Greece could be next on UK’s quarantine list as virus cases soar

Greece could be the next country removed from the government's list of "safe" countries after a spike in coronavirus cases.

If it were removed from the list, travellers returning to the UK from Greece would need to quarantine for 14 days.

Travel rules in the UK are ever changing while the pandemic continues.

The government recently confirmed travellers arriving from France will now be required to self-isolate for two weeks after rising cases of the deadly virus in the country.

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Now, EU figures have revealed the number of coronavirus cases in Greece has quadrupled in two weeks.

That puts it above the UK's benchmark figure of 20 cases per 100,000 people – the rate at which quarantine measures are triggered.

It comes amid suggestions Turkey could also be taken off the safe travel list and follows new rules introduced on August 15 requiring travellers heading back to the UK from the Netherlands, Monaco, Malta, Turks and Caicos, and Aruba to isolate for 14 days.

Transport Secretary Grant Shapps has previously said quarantine measures will be triggered against people arriving from nations with more than 20 infections per 100,000, on a seven day rolling average, The Mirror reports.

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Downing Street has added experts look not only at the infection rate per 100,000 people, but also at the testing rate and reliability of data which each country produces.

Mr Shapps told BBC Radio 4's Today programme last week: "With France and these other countries, the Netherlands and elsewhere, the numbers have now just got above the threshold – which is about 20 cases per 100,000 measured on a seven day rolling average.

"That's what the Joint Biosecurity Centre will be looking at."

A rolling review system could see countries removed from the list at very short notice.

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Forcing British tourists to self-isolate for two weeks after returning from Greece would be a fresh blow to Britain's hard-hit international travel industry after Spain, France and Portugal were put on the quarantine list.

Greece, where 223 people have died during the pandemic, was seen as safe for tourists.

But cases surged in the country after it reopened its borders to Britons in mid-July. Some 226 new cases were reported by the EU's coronavirus authorities on August 16, with more than 1,000 in the last five days.

Gkikas Magiorkinis, of Athens University, said earlier this week: "We can say that Greece has formally entered a second wave of the epidemic. This is the point that we could win or lose the battle."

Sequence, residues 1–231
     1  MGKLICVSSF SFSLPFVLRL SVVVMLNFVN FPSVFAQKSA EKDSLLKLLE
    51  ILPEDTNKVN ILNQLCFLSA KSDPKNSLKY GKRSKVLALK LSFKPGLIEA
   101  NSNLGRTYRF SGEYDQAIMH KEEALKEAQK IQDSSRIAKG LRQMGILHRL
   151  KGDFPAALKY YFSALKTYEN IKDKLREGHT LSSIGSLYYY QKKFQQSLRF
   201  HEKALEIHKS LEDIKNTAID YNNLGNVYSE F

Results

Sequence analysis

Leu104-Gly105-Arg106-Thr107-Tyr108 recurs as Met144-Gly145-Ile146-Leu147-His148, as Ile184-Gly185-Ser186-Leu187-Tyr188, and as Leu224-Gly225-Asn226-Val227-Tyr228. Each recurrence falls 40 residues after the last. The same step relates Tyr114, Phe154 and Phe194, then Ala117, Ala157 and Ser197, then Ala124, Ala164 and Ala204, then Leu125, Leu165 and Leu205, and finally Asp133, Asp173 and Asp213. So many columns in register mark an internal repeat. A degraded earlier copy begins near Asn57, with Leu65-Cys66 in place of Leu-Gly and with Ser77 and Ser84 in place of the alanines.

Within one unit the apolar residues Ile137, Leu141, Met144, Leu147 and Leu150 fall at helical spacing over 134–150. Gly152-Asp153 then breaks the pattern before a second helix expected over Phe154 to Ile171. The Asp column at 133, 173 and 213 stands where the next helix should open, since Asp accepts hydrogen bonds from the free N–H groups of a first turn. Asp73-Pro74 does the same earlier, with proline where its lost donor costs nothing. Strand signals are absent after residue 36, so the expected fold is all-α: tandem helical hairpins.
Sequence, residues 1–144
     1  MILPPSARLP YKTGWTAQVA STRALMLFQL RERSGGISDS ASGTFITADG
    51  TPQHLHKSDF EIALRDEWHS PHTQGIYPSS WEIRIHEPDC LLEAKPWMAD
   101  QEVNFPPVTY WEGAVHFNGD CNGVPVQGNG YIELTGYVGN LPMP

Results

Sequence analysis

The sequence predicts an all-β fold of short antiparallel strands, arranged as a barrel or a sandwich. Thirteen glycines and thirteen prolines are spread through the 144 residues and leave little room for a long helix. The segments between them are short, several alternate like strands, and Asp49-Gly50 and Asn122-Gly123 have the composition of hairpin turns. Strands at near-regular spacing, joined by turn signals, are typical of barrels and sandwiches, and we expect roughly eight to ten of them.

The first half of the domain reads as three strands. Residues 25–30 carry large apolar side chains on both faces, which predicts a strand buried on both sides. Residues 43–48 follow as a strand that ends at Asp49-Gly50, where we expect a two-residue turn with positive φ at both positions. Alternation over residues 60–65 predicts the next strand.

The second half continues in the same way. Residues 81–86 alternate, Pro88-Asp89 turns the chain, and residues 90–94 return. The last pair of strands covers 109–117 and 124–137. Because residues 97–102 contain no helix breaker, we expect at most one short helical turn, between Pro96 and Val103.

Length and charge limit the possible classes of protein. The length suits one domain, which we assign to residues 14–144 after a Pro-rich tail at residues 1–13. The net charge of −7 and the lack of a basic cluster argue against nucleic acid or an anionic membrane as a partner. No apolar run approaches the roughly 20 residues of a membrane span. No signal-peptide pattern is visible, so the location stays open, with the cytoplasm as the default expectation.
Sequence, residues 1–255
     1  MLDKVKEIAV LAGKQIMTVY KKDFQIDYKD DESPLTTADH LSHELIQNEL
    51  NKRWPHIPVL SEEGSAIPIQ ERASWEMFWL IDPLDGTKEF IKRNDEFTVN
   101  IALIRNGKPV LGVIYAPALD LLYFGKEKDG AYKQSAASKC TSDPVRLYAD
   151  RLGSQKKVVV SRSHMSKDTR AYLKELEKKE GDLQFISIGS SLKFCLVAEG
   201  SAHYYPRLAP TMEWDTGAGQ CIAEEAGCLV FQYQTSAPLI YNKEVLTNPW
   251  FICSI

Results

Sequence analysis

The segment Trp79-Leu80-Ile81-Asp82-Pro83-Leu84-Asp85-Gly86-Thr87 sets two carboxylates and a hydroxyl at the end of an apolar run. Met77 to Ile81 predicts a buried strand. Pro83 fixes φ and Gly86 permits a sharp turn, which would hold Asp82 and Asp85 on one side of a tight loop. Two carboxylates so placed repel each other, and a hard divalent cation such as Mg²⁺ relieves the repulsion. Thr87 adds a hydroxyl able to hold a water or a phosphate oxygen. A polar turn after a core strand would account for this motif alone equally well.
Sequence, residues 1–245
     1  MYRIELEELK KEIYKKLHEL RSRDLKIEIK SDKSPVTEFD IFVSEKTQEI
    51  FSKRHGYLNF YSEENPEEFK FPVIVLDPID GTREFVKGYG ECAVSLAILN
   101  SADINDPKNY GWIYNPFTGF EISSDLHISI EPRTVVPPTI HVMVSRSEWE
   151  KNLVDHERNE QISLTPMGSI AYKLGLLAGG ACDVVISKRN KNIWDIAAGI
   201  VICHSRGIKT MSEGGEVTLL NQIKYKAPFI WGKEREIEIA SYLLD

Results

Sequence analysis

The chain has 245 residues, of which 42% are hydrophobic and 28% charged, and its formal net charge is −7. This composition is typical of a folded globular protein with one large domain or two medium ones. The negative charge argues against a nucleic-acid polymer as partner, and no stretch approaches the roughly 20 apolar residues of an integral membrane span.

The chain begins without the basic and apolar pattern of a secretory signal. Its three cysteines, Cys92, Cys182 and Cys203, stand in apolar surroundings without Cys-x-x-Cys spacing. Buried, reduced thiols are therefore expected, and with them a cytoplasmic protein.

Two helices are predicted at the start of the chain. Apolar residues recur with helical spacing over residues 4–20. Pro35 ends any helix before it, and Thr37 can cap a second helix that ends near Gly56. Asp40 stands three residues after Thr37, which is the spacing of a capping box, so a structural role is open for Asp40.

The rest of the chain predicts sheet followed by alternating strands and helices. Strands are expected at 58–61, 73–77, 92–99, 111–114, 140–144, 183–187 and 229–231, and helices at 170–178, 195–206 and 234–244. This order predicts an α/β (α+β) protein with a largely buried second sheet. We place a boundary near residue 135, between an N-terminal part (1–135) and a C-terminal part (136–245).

Travel expert Alex Macheras told the Mail on Sunday: "Early in the pandemic Greece imposed a hard lockdown and controlled the spread of the virus.

"But this has been relaxed to the point of being totally random. As a result, the number of cases has soared. It is an example of a country wrestling with the competing interests of public health and the economy.

"Anyone travelling abroad must do it with their eyes open that there is a danger that quarantine can be imposed at any moment."

Brits desperate to escape for a sunshine getaway are running out of traditional hotspots unless they want to self-isolate for two weeks when they return to the UK.

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The Government's exemption list of "travel corridor" countries from which people arriving in Britain do not have to quarantine is kept under constant review as ministers and officials battle to prevent a resurgence of cases here.

Portugal was not on the exemption list when it was published last month and Spain became the first country to be removed.

France was stripped from the list last week, triggering a race for Channel ferry ports, airports and Eurostar terminals as Brits dashed for home before the restrictions came into force at 4am on Saturday, August 15.

Greece set a temporary 50-person limit on public gatherings last week and said restaurants and bars must close by midnight in Athens and other parts of the country.

They include favourite tourist destinations such as Mykonos, Crete, Paros, Kos, Santorini, Rhodes and Zakynthos.

A Government spokesman said: "Public health remains the UK's top priority, which is why we make changes to the list as necessary."

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